He spoke of the craft of writing, how he would quickly sketch out an outline and then put it away for days, weeks, or years. When the story was ‘ready’ it would call to him and he would ‘take it out for a walk’, feeling all of the lush interior detail that makes his stories so fantastic to this day. And he would type everything that came into his mind about that scene, that character, that piece of the plot. Then he would ruthlessly edit the piece, over and over, subtracting, but also adding occasionally.
When it was “finished” he would then take it to bed and meticulously re-write the entire piece longhand, changing almost every word along the way. He was very clear about that delineation: Plot was daytime, sit up straight, typewritten. Voice was nighttime, propped up in bed, longhand. When he was happy with it (along with his wife Marguerite, who made the judgment calls when he was stuck with two different ways to phrase something), then he typed it up again and mailed it to his Editor. “Painstaking” doesn’t begin to describe the care with which he created his stories.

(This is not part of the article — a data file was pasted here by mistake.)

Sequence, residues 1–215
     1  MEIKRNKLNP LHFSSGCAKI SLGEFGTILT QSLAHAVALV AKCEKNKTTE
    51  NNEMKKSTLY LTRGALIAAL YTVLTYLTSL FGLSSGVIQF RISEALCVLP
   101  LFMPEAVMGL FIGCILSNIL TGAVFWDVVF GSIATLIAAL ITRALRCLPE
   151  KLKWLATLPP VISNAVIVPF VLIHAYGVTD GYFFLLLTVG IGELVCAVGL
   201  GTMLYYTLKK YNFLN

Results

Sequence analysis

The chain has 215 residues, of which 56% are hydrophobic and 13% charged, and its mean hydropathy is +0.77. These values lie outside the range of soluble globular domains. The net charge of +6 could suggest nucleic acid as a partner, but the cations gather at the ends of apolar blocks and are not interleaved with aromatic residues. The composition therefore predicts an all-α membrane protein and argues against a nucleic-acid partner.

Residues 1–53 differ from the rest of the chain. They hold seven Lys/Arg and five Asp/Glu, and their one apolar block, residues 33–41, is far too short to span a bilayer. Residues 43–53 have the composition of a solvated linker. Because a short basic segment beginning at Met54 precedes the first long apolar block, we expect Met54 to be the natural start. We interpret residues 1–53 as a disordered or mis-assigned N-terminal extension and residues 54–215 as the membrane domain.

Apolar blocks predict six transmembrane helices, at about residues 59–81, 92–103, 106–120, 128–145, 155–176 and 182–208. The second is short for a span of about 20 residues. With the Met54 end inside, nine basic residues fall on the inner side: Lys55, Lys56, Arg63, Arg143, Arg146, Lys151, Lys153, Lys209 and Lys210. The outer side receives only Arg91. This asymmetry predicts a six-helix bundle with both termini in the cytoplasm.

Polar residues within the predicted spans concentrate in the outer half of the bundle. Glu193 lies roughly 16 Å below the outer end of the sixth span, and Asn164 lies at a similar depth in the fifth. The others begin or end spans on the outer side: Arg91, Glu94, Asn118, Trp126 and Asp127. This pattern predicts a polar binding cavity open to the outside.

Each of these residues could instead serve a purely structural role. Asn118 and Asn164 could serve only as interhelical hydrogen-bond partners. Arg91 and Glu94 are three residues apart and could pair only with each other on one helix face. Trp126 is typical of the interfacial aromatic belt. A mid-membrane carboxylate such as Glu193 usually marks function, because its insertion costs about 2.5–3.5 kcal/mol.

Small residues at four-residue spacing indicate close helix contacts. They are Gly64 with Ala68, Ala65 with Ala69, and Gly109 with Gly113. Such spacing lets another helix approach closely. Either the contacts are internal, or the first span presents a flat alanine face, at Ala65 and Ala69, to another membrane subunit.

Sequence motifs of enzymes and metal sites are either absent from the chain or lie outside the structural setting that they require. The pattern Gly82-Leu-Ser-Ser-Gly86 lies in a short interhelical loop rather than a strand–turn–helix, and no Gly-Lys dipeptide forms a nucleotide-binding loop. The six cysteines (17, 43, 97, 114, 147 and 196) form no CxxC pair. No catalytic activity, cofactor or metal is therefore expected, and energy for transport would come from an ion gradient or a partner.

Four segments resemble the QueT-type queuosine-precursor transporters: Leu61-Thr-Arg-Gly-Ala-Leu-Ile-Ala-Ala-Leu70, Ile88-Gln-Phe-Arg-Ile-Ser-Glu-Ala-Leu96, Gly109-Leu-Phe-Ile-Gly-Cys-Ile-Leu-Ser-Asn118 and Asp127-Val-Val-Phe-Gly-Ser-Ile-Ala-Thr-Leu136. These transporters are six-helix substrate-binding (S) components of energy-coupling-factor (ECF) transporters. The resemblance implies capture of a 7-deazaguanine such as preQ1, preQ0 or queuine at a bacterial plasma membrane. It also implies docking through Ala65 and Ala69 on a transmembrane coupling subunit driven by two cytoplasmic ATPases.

Ray also spent a lot of time talking about his other adventures outside of writing, working behind the scenes with museums and National Monuments, providing narration, words or just ideas to whoever asked. I remember him saying “You need the entire history of the United States done as a 6 minute voice-over? Umm……sure. Why not. When do you need it by?” His whole attitude, indeed his whole life seemed to be dedicated to “Why Not?”
He mentioned Politics just once, saying he wanted to create the “Roadrunner” Party. Roadrunners, he told us, travel down the very Center of roadways. When they see something interesting to the Right, they veer right. Something worthwhile to the Left, they go left. Seemed like a really good idea to me.